Fail2ban is a very good tool for hardening linux against brute-force attacks. It works by checking logs and creating iptable rules once the rules are triggered.
The following guide is for Ubuntu/Debian who’s repos already provide the required pacakges. For CentOS/RHEL, epel-release repo must be installed first.
Update the packages and install fail2ban:
apt update && apt -y dist-upgrade && apt -y install fail2ban
Create a jail configuration file:
cp /etc/fail2ban/jail.conf /etc/fail2ban/jail.local
SSH might be included by default but just to make sure, it will be enabled manually.
Include SSH in the newly created jail:
Scroll down to sshd and you should see the following config:
Change the configuration in order to enable sshd monitoring:
Restart fail2ban for the changes to come in effect:
service fail2ban restart
The configuration can be changed in order to reduce the failed logins from 5 to 3 but a bit risky in case you’re still using password authentication. The ban time of 10 minutes can also be increased or made permanent.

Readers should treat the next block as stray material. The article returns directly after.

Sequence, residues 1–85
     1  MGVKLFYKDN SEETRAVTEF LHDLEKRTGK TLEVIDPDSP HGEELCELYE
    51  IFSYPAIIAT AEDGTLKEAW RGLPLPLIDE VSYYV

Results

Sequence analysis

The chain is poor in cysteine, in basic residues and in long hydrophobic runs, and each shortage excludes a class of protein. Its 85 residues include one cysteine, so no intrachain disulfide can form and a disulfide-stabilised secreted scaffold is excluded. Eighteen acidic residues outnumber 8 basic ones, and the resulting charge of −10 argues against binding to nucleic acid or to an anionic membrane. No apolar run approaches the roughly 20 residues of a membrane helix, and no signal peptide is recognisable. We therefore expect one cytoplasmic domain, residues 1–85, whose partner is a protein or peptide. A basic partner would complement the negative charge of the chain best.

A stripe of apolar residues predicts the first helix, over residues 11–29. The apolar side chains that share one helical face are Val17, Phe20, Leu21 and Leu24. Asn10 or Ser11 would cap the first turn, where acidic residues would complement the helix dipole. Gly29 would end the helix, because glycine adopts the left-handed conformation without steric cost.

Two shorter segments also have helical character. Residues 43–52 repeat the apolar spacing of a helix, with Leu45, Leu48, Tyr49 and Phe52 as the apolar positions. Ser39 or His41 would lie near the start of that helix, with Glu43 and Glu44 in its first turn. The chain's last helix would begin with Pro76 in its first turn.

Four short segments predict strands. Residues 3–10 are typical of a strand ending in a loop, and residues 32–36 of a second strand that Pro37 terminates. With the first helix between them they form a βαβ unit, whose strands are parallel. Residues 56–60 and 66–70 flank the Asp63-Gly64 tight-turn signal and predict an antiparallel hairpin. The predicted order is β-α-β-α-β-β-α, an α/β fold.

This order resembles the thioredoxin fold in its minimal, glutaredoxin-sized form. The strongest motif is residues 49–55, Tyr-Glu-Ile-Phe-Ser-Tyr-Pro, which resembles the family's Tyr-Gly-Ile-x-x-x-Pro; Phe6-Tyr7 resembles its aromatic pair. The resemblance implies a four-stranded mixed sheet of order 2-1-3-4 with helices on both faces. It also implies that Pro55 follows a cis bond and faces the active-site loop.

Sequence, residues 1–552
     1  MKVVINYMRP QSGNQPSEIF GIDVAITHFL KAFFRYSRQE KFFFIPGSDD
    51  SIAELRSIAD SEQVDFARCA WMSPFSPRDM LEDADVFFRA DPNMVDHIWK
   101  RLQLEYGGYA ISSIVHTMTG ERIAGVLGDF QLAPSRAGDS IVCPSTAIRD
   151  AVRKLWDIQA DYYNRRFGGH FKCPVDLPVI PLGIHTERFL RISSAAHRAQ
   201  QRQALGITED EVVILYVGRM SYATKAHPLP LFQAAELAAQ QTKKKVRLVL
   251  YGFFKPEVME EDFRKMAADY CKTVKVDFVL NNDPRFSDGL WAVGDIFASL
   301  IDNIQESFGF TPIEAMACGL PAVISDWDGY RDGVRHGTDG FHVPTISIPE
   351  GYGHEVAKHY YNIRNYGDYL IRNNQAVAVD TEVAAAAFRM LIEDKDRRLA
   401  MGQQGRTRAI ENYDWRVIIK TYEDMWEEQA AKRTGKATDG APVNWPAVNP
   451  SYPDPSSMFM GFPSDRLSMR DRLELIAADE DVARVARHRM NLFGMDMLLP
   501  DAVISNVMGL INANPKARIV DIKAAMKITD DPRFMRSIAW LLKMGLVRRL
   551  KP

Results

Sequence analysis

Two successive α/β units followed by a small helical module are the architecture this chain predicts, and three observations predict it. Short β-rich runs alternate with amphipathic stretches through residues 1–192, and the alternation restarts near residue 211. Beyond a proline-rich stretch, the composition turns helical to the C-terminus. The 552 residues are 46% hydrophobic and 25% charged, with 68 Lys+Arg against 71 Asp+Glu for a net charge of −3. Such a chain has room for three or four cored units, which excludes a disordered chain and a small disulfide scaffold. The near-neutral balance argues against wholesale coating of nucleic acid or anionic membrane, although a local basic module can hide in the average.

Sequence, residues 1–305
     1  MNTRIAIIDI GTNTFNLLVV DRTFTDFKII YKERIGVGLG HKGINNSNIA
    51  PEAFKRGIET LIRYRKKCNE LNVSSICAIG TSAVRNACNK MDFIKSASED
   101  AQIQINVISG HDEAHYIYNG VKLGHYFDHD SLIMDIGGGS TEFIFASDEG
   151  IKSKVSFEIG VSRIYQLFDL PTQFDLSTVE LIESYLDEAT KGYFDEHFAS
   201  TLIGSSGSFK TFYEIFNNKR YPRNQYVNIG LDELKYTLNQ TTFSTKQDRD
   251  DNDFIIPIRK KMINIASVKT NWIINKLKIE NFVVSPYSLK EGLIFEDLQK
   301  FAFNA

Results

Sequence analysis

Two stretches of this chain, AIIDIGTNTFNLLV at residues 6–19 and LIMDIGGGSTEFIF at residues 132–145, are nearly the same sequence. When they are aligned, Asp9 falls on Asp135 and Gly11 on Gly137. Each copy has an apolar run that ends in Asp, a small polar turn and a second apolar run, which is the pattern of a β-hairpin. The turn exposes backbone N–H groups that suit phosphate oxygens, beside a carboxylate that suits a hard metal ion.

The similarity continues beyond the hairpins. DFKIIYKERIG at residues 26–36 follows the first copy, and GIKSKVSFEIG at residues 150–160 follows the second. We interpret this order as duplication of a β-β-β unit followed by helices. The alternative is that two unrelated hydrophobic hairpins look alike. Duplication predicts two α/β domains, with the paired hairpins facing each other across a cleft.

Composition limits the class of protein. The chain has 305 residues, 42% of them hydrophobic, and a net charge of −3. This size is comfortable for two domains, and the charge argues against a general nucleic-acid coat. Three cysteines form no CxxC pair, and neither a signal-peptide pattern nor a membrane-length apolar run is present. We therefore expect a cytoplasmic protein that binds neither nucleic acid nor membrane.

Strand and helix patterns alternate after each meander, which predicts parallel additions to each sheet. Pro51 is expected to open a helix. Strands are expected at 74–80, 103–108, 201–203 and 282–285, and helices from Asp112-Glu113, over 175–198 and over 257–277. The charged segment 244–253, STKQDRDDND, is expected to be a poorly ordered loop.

If you wish to access your system from a specific IP address, you can use this feature to prevent getting locked out. To ignore a specific IP or IP range, look for ignoreip in /etc/fail2ban/jail.local , remove the # in front and add your IP or IP range:
Bantime , maxretry and findtime
Another useful feature is the Ban time interval. Look for bantime in /etc/fail2ban/jail.local and change if needed.
Right next to it are 2 more useful options: maxretry and findtime. Maxretry is the number of failed logins required to trigger the ban and findtime is the time period during which the attacker triggered the maxretry interval.
Fail2ban is widely customizable , it can even cover wordpress and general http/https login to some extent but it should be not used as a replacement for a well configured firewall.